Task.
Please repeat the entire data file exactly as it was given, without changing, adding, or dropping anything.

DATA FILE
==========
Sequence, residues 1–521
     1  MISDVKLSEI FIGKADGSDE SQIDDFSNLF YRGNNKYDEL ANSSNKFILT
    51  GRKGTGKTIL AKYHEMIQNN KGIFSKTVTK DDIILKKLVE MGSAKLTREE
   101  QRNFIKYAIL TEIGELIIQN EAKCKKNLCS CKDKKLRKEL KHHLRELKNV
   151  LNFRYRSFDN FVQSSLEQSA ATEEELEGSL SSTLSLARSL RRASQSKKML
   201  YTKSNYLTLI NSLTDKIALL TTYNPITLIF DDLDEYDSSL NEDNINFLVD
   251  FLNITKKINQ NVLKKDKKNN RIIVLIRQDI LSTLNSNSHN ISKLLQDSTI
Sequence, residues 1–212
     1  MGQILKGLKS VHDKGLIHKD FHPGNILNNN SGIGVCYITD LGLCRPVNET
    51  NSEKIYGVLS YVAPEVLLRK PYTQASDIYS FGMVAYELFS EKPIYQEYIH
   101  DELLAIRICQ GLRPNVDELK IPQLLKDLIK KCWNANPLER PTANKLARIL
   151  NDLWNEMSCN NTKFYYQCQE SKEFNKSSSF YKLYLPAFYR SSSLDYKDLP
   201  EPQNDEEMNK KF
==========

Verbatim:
Sequence, residues 1–521
     1  MISDVKLSEI FIGKADGSDE SQIDDFSNLF YRGNNKYDEL ANSSNKFILT
    51  GRKGTGKTIL AKYHEMIQNN KGIFSKTVTK DDIILKKLVE MGSAKLTREE
   101  QRNFIKYAIL TEIGELIIQN EAKCKKNLCS CKDKKLRKEL KHHLRELKNV
   151  LNFRYRSFDN FVQSSLEQSA ATEEELEGSL SSTLSLARSL RRASQSKKML
   201  YTKSNYLTLI NSLTDKIALL TTYNPITLIF DDLDEYDSSL NEDNINFLVD
   251  FLNITKKINQ NVLKKDKKNN RIIVLIRQDI LSTLNSNSHN ISKLLQDSTI
Sequence, residues 1–212
     1  MGQILKGLKS VHDKGLIHKD FHPGNILNNN SGIGVCYITD LGLCRPVNET
    51  NSEKIYGVLS YVAPEVLLRK PYTQASDIYS FGMVAYELFS EKPIYQEYIH
   101  DELLAIRICQ GLRPNVDELK IPQLLKDLIK KCWNANPLER PTANKLARIL
   151  NDLWNEMSCN NTKFYYQCQE SKEFNKSSSF YKLYLPAFYR SSSLDYKDLP
   201  EPQNDEEMNK KF